Hosea, Amos, & Jonah Pekahiah 742-740

(reigned approx. 2 years)

Hosea, Amos, & Jonah Pekah 752-740 (rival king)

733-722 (sole king)

Almost everyone knows the story of Jonah and the whale:

  • God called Jonah to act as a prophet to Nineveh and cry out against their iniquity.
  • Jonah didn’t want to go.
  • Jonah tried to head in the opposite direction of Nineveh and away from God’s call.
  • Escaping by boat, Jonah came face-to-face with a raging sea.
  • To save those onboard Jonah had to allow himself to be thrown overboard.
  • God had a “great fish” swallow Jonah whole, sparing him.
  • For three days and nights Jonah stayed within the belly of the whale, praying to God.
  • The whale spat Jonah upon the shore after Jonah finally accepted God’s instruction.

This encounter was used by God not only to change Jonah’s heart, but to teach us many valuable lessons… reminding us not only of His sovereignty, but that obedience is better than repentance. Yet, Jonah’s encounter with the whale, while miraculous, was also prophetic.

Jonah stayed three days in the whale, in what was a virtual tomb! The prophetic significance of this was the preview of what the Messiah—Jesus—would endure. However, in both cases, the three days within a tomb of water/a tomb of stone, before being spat upon the shore/raised back to life… well, that is where the true beginning of these stories lie.

The story of Jonah and the whale was only a new start…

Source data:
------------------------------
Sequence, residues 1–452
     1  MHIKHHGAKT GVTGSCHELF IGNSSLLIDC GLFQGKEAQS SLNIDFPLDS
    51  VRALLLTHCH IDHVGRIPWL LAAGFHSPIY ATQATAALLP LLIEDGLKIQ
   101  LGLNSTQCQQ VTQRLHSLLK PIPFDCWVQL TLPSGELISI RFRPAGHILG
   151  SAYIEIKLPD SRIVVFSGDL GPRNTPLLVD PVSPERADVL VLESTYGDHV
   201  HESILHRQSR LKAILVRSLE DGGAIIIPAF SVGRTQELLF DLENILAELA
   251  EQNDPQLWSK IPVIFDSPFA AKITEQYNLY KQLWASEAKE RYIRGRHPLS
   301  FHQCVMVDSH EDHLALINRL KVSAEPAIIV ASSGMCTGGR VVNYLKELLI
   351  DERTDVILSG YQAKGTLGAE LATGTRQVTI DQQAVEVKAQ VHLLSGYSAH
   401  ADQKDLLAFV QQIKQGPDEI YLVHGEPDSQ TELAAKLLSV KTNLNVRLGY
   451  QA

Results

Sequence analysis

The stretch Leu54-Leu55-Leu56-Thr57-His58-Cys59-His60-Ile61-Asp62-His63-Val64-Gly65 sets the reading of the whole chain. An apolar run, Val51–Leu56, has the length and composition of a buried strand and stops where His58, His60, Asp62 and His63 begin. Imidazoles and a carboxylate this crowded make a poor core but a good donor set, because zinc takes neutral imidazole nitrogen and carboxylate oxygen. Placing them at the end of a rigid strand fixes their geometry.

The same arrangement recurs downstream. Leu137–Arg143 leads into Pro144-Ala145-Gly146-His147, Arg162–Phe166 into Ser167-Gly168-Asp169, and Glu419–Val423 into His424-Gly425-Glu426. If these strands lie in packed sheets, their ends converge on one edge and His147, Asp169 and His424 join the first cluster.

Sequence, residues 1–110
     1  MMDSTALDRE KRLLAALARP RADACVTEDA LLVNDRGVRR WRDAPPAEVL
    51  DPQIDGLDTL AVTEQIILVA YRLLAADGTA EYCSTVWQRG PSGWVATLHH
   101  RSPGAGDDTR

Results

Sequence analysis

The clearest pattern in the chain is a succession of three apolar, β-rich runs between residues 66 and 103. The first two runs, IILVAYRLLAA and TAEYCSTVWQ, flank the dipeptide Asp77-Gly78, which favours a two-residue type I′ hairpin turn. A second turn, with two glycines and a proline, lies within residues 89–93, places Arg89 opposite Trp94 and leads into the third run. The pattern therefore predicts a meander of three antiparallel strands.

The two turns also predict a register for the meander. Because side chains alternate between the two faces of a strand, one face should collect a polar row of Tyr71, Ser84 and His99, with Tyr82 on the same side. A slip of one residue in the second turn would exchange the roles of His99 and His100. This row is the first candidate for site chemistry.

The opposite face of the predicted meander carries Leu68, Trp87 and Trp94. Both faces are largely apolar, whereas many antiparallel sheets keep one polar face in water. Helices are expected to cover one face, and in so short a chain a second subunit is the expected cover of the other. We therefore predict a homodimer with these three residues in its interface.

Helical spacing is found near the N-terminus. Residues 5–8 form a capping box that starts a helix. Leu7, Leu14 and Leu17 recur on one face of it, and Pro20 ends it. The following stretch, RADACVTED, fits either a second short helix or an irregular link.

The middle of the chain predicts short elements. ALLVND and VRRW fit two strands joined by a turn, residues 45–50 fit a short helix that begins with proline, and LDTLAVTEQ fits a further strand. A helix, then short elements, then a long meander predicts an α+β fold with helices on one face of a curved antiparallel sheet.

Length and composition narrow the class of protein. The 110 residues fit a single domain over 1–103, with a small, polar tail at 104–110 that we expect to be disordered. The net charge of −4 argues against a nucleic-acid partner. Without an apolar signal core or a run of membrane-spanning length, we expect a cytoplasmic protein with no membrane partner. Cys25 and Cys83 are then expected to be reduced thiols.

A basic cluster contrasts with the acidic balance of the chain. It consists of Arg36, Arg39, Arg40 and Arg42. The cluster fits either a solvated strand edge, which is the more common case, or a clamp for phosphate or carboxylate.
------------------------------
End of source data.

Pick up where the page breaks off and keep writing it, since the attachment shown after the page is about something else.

Jonah was a prophet, and only the first half of the book of Jonah touches upon the well-known tale of disobedience and repentance. Consequently, that story, while important, doesn’t give the full message.

Jonah’s obedience to proclaim the prophetic Word the Lord had given him AND the subsequent mass repentance of Nineveh is where the other half of the story—where Jonah’s walk with the Lord in the book of Jonah—began in earnest.

“And Jonah began to enter the city on the first day’s walk. Then he cried out and said, ‘Yet forty days, and Nineveh shall be overthrown!’

“So the people of Nineveh believed God, proclaimed a fast, and put on sackcloth, from the greatest to the least of them. Then word came to the king of Nineveh; and he arose from his throne and laid aside his robe, covered himself with sackcloth and sat in ashes.

“Then God saw their works, that they turned from their evil way; and God relented from the disaster that He had said He would bring upon them, and He did not do it.”—Jonah 3:4-6, 10